Getting positive results with negative ions

Jul 18, 2011
Julia Laskin and Grant Johnson from Pacific Northwest National Laboratory and scientists from OI Analytical used a mass-selected ion deposition instrument to determine if the IonCCD™ can detect negative ions and large ions.

Yes! That's the answer scientists from OI Analytical and Pacific Northwest National Laboratory got from their experiments to see if the new IonCCDTM can detect negative ions and large ions. Furthermore, employing instruments at EMSL, the team used the detector to characterize the ion beam inside a mass spectrometer, a workhorse instrument for basic energy research. The results grace the cover of the Journal of the American Society for Mass Spectrometry.

While most scientists think of mass spectrometers as analytical tools that enable characterization of proteins, pollutants and other molecules, mass spectrometers may also be used to create materials. For example, researchers are using the instruments to prepare novel catalysts that increase the efficiency of chemical reactions (see related articles). To build tailored materials, these special mass spectrometers deposit layers of specific ions onto a surface. With the IonCCD's ability to directly visualize the ion beam, scientists can produce beams of ions with narrow diameters, and thus design instruments that more precisely create materials.

"We were excited," said Dr. Julia Laskin, who led the research at PNNL. "With the IonCCD, you can visualize ion beams, whether they are at or high vacuum."

To test the IonCCD, the team began with a mass-selected ion deposition instrument, built by Laskin and her team at EMSL, a national scientific user facility. The team placed the IonCCD inside the deposition instrument that produces beams of ions. The IonCCD, using a pixel-based detector array, accumulates the charge of the ions on its surface. The charge is then dumped onto a waiting , where it is detected.

When negative ions were sent to the IonCCD, it correctly measured them. When large ions, positive or negative, were fed through the detector, it again gave the desired response.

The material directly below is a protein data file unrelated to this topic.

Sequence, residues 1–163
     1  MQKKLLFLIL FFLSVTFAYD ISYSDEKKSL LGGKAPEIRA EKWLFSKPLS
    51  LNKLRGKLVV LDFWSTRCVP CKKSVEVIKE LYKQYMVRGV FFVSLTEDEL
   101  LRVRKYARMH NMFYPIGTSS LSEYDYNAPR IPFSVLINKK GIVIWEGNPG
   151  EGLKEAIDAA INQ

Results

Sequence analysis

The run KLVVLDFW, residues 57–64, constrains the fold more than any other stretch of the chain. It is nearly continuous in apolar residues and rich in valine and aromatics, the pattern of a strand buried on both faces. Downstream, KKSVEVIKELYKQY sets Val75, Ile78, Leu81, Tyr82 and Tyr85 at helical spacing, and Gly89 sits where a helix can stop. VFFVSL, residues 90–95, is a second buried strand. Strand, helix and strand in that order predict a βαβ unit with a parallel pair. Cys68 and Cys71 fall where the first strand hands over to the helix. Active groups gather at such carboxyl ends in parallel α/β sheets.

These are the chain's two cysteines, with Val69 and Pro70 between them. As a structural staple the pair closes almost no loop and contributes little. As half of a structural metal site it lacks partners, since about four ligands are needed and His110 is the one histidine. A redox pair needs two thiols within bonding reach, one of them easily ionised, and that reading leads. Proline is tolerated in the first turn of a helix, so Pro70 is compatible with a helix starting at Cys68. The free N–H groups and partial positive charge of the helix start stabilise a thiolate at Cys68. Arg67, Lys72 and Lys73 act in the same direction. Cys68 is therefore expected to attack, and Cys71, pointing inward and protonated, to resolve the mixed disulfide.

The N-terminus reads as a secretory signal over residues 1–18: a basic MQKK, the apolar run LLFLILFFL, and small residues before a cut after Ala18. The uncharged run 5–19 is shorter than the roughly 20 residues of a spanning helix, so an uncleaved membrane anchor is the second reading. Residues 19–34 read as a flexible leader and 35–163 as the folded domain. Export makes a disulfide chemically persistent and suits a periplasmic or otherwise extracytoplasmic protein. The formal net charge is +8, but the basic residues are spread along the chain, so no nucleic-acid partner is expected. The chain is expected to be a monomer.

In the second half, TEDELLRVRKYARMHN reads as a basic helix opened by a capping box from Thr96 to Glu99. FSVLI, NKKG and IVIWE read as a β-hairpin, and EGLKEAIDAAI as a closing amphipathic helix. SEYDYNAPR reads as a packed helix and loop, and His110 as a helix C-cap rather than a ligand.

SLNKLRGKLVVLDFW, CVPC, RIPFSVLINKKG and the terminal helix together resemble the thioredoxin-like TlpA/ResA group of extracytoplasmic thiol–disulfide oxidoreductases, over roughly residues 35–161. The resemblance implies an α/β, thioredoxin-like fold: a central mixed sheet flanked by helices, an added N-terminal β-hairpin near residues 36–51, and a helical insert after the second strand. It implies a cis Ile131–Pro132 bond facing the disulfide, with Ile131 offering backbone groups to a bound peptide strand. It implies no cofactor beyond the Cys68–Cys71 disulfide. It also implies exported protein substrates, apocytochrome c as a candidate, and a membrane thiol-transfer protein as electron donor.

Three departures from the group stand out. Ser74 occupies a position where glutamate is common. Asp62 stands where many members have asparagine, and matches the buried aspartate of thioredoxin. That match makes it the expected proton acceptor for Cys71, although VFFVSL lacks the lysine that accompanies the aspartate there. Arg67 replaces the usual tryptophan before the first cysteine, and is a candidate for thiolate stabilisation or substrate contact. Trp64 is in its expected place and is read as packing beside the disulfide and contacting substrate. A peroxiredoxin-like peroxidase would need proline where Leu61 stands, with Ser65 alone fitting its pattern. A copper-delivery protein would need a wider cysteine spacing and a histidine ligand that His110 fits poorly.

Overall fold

In addition to the detection work, the team also explored visualizing ion beams inside the ion deposition instrument. This work was the subject of a second publication in the Journal of the American Society for Mass Spectrometry. Scientists usually rely on phosphor screen detectors to visualize ion beams. These detectors only work under vacuum due to the high voltages they require. So, if the ion beam is at high gas pressure the phosphor screen detectors don't work. Further, conventional detectors are bulky and, therefore, often provide a limited view of the ion beam because of the spatial confinements of a vacuum chamber. With the small-sized IonCCD detector, scientists can see what are in the beam and how they are moving throughout an entire mass spectrometer system. Such information may be used to improve the design and construction of these instruments.

The researchers are determining if the IonCCD can detect charged droplets in the . Droplets in the early stages of an electrospray cause signal to drop and provide poor results.

Explore further: Microscopic "walkers" find their way across cell surfaces

More information: Hadjar O, et al.  2011. "IonCCDTM for Direct Position-Sensitive Charged-Particle Detection: From Electrons and keV Ions to Hyperthermal Biomolecular Ions." Journal of the American Society of Mass Spectrometry 22, 612-623. DOI: 10.1007/s13361-010-0067-7

Johnson GE, et al. 2011. "Characterization of the Ion Beam Focusing in a Mass Spectrometer Using an IonCCDTM Detector" Journal of the American Society of Mass Spectrometry. DOI: 10.1007/s13361-011-0154-4.

The research was done in EMSL, a national scientific user facility at PNNL.

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